The Courts Rewrite Proposed Rule 6.4 — and the State Bar Objects
When the Courts adopted Rule 6.4 effective April 1, 2009, they changed the COSAC/State Bar proposal in two ways. In one change, the Courts kept the narrower ABA phrase “materially benefitted” instead of COSAC’s broader recommended phrase “materially affected.” Thus, a lawyer in New York had an obligation to disclose to a law reform organization when a decision might help a client but not when a decision might harm a client. In another change, the Courts added a third sentence, written by the Courts, which said: “When the lawyer knows that the interests of a client may be adversely affected by a decision in which the lawyer actively participates, the lawyer shall disclose that fact to the client.” no other jurisdiction in the united States had such a sentence in Rule 6.4 — and no other jurisdiction required lawyers to disclose their law reform activities to clients. Nor had the old Code of Professional responsibility required disclosure to clients. EC 8-4, like the second sentence of New York Rule 6.4, required disclosure only within the organization, not to clients, and even then only when a client’s interests might be materially affected by a decision of the organization.
The second change — the new and unique third sentence — was the troublesome one. I criticized it harshly in NYPRR because it discourages lawyers from fully participating in law reform activities — see Roy Simon on the New Rules: Rule 4.1 Through Rule 8.4 (Dec. 2009). I wrote:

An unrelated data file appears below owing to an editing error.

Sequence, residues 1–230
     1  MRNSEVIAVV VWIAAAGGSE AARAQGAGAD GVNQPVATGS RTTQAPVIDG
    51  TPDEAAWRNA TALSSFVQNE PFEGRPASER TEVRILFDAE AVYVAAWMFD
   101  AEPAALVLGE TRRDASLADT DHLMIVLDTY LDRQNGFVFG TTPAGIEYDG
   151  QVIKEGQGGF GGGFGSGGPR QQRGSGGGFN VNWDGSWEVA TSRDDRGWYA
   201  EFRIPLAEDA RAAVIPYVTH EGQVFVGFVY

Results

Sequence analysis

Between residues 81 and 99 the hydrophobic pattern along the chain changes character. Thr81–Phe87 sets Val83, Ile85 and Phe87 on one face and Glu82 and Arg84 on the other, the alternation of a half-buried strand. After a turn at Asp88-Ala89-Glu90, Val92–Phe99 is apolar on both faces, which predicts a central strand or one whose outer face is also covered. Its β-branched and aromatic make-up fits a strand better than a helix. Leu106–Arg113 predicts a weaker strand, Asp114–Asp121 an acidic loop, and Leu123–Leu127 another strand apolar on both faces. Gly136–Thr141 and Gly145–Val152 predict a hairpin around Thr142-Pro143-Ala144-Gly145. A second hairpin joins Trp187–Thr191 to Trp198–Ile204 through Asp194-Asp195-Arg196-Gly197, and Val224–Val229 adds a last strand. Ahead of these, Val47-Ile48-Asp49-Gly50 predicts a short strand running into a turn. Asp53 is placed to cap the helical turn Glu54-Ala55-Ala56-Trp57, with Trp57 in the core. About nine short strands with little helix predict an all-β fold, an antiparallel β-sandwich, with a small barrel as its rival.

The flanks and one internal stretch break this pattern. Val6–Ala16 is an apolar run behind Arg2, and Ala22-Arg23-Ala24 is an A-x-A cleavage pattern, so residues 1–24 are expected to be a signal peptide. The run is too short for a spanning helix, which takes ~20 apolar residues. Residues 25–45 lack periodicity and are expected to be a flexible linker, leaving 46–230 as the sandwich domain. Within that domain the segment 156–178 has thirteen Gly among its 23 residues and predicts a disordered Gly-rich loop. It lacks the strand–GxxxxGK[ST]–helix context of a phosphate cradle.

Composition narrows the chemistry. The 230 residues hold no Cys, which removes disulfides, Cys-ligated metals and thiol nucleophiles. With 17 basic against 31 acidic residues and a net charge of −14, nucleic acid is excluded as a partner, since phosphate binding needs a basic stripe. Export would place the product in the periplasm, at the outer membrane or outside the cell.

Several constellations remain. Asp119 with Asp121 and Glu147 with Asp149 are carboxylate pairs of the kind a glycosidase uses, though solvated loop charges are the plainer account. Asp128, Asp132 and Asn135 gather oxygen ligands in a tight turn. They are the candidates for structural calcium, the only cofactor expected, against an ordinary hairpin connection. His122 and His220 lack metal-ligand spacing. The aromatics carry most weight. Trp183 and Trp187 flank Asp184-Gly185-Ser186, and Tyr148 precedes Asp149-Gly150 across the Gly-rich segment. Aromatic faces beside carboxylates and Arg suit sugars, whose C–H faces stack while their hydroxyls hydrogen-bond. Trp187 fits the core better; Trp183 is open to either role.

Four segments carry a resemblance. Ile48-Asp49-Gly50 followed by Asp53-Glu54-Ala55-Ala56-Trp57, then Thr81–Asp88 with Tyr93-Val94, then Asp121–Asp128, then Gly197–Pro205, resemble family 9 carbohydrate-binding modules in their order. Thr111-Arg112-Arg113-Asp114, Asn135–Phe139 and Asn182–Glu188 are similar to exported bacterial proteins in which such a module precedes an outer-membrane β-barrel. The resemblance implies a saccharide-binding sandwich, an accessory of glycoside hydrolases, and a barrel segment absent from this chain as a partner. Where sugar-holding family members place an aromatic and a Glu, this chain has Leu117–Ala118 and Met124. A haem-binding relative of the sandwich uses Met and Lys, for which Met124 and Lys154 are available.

The price exacted by Rule 6.4 may be high. Lawyers do not want to say to their clients, “I want you to know that I am working with a law reform organization and am actively participating in formulating a decision that could adversely affect your interests.” How will the client respond? Will the client say: “Gee, Roy, that’s great. We admire your civic spirit — … it’s about time someone amended the law and cracked down on us.” I … don’t … think … so. The client is much more likely to say, “Why are you doing that? You know how competitive our business is and how tough the economic climate is right now, and you know how much we contribute to the country — jobs, innovation, products and services that people want, sponsorship of charitable events. We would prefer that you not participate in the debate over that decision. In fact, if you think our company is doing something wrong, maybe you don’t want us as a client anymore.”